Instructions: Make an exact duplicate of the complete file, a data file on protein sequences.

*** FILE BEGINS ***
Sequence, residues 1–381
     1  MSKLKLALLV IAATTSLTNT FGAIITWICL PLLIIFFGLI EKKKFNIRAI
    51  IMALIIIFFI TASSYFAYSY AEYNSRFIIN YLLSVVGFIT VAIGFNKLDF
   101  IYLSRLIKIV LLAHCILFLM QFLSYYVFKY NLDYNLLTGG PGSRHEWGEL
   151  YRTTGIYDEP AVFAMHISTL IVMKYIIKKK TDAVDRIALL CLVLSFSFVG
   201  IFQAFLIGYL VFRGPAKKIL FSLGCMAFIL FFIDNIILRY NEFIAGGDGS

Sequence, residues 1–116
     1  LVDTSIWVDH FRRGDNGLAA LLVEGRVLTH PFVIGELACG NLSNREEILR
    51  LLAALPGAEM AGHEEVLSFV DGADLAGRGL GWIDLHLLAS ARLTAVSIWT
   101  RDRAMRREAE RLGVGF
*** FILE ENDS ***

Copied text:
Sequence, residues 1–381
     1  MSKLKLALLV IAATTSLTNT FGAIITWICL PLLIIFFGLI EKKKFNIRAI
    51  IMALIIIFFI TASSYFAYSY AEYNSRFIIN YLLSVVGFIT VAIGFNKLDF
   101  IYLSRLIKIV LLAHCILFLM QFLSYYVFKY NLDYNLLTGG PGSRHEWGEL
   151  YRTTGIYDEP AVFAMHISTL IVMKYIIKKK TDAVDRIALL CLVLSFSFVG
   201  IFQAFLIGYL VFRGPAKKIL FSLGCMAFIL FFIDNIILRY NEFIAGGDGS

Sequence, residues 1–116
     1  LVDTSIWVDH FRRGDNGLAA LLVEGRVLTH PFVIGELACG NLSNREEILR
    51  LLAALPGAEM AGHEEVLSFV DGADLAGRGL GWIDLHLLAS ARLTAVSIWT
   101  RDRAMRREAE RLGVGF